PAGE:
Education and Labor Hearing on Utah Mine Tragedy

Posted on by Jesse Lee

The Education and Labor Committee is currently holding a hearing, “The Perspective of the Families at Crandall Canyon.”

Chairman George Miler gives opening remarks:

Chairman Miller: “I regret to say that neither the Department [of Labor] nor the company [Murray Energy Corporation] have been fully cooperative with us to date. They have yet to comply with many of the basic requests for information, information that is necessary for the Committee to investigate this disaster. Let me be very clear: this committee will not be deterred from getting all of the information we need to do our independent investigation. We will not tolerate obstruction or delay by either the Department or by the company in pursuit of that information and this investigation.”

Family members of the victims of the tragedy testified on their experiences, the warning signs long before the disaster, and the treatment by Murray energy Corporation and the Mine Safety and Health Administration (MSHA) in the Department of Labor:

Steve Allred – Brother of miner Kerry Allred: “This lack of responsibility by the companies and lack of oversight by MSHA, coupled with no protection by the United Mine Workers of America [of which they were not members], has led to my family being devastated. Our lives are changed forever.”

Mike Marasco – Son-in-law of miner Kerry Allred: “The manner in which Murray and MSHA dealt with us families for the first two weeks after the collapse was unbelievable. They just told us what we wanted to hear, and not the facts. All we heard was ‘earthquake, earthquake.’ We did not want to hear about earthquakes, but wanted to know when we were going to see our loved ones again. Murray more than once yelled at us when we asked questions.”

Cesar Sanchez – Brother of miner Manuel Sanchez: “As a family, we have many questions. We want to know how the mine owner got a permit to do this kind of mining, we want to know how MSHA put a rubber stamp on the mining plans submitted by the mine owner. We want to know how often this mine got inspected by MSHA, especially because there was more than one complaint made by miners…the company ignored these complaints.”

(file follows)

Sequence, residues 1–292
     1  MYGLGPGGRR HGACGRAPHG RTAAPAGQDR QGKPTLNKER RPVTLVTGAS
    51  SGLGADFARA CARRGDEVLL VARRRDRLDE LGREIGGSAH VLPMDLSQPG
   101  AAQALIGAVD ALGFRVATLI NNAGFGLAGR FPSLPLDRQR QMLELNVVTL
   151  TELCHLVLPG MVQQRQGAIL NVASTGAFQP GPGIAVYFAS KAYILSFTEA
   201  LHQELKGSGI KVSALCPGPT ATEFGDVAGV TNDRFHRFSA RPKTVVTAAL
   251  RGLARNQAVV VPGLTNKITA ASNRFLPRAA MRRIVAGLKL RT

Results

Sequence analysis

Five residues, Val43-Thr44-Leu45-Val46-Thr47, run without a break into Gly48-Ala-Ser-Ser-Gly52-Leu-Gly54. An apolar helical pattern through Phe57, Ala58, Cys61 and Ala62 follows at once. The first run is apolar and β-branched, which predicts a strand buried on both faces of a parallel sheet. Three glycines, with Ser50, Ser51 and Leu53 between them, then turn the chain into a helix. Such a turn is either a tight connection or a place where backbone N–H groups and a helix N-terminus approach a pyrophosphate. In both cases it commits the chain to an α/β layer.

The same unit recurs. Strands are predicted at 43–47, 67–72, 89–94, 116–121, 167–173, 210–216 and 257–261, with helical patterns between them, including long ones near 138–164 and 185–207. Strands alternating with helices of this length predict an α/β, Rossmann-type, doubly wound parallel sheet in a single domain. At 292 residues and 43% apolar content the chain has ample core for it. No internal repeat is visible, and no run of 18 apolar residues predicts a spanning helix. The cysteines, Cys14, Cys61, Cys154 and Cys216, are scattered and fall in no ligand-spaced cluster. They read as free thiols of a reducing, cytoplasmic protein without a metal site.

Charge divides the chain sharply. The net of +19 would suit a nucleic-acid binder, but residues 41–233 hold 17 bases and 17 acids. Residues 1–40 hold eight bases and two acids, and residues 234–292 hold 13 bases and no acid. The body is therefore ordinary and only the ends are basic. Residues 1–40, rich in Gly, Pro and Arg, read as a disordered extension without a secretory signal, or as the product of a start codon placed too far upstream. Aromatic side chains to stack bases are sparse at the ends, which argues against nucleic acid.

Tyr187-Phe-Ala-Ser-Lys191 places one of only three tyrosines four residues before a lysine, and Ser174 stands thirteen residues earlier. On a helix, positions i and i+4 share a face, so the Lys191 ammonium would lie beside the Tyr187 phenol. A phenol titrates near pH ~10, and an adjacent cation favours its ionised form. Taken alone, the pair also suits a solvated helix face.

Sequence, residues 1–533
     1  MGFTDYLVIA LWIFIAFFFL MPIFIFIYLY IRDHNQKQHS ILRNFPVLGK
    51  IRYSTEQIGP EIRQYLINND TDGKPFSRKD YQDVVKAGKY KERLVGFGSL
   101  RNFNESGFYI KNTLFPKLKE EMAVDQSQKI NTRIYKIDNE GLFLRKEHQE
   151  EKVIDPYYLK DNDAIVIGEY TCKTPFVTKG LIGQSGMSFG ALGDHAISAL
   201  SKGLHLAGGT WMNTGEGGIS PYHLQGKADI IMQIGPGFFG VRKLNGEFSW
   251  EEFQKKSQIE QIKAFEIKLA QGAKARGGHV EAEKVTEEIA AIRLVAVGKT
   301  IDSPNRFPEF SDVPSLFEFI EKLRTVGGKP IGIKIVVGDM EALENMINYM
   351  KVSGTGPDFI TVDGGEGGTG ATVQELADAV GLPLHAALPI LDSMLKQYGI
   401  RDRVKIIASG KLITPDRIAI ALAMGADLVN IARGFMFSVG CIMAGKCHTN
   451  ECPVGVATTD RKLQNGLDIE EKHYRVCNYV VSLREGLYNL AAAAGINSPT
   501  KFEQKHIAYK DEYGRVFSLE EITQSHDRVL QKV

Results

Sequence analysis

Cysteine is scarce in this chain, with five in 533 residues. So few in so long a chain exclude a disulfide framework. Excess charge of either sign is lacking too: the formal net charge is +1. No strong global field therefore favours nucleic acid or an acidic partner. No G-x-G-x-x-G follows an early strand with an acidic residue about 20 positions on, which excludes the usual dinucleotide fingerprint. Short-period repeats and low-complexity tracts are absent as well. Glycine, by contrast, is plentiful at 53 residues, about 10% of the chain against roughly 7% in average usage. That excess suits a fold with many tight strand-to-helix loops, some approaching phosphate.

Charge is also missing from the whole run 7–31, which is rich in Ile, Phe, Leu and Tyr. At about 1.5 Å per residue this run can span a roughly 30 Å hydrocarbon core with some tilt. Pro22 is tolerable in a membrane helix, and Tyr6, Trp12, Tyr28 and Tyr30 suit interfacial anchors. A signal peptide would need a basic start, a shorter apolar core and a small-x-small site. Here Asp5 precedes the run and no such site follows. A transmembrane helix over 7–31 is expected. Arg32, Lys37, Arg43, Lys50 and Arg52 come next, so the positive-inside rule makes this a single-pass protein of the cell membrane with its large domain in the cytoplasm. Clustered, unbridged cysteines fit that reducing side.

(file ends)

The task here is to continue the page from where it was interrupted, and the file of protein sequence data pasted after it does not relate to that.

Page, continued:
Sheila Phillips – Mother of miner Brandon Phillips: “It’s just hard to have hope, and have your heart broke every day, and have your grandson grow up without a dad… I just miss him…I would like to know where my son is in that hole, so I can leave a marker on that mountain.”

Wendy Black – Wife of miner Dale “Bird” Black: “I want to know, if there are rules and regulations made to protect the miners, then who is to be hold accountable to make sure these are being followed? Please at least have one person with enough backbone to say ‘no more.’ MSHA has one job: mine safety and health administration. It would have taken just one MSHA official or one official from the company doing his job to have saved my husband’s life. Which one of them wasn’t doing his job?”

Rep. Rob Andrews (NJ-01) questions the family members:

Rep. Andrews: “On June 3rd of this year the operators of the Crandall Canyon Mine submitted a plan to engage in something called retreat mining. Now I know almost nothing about this but from what I’ve read this is a pretty risky practice, a pretty dangerous practice. And on June 15th, 12 days later, this plan was approved by the mining regulators, by MSHA. Do you all think that 12 days is long enough to take a look at something that risky?”
Steve Allred (miner): “Mr. Andrews, absolutely not. Especially in a situation where, in this particular mine, there wasn’t enough barriers left, there wasn’t enough support…”
This entry was posted in Labor and American Jobs, Oversight. Bookmark the permalink.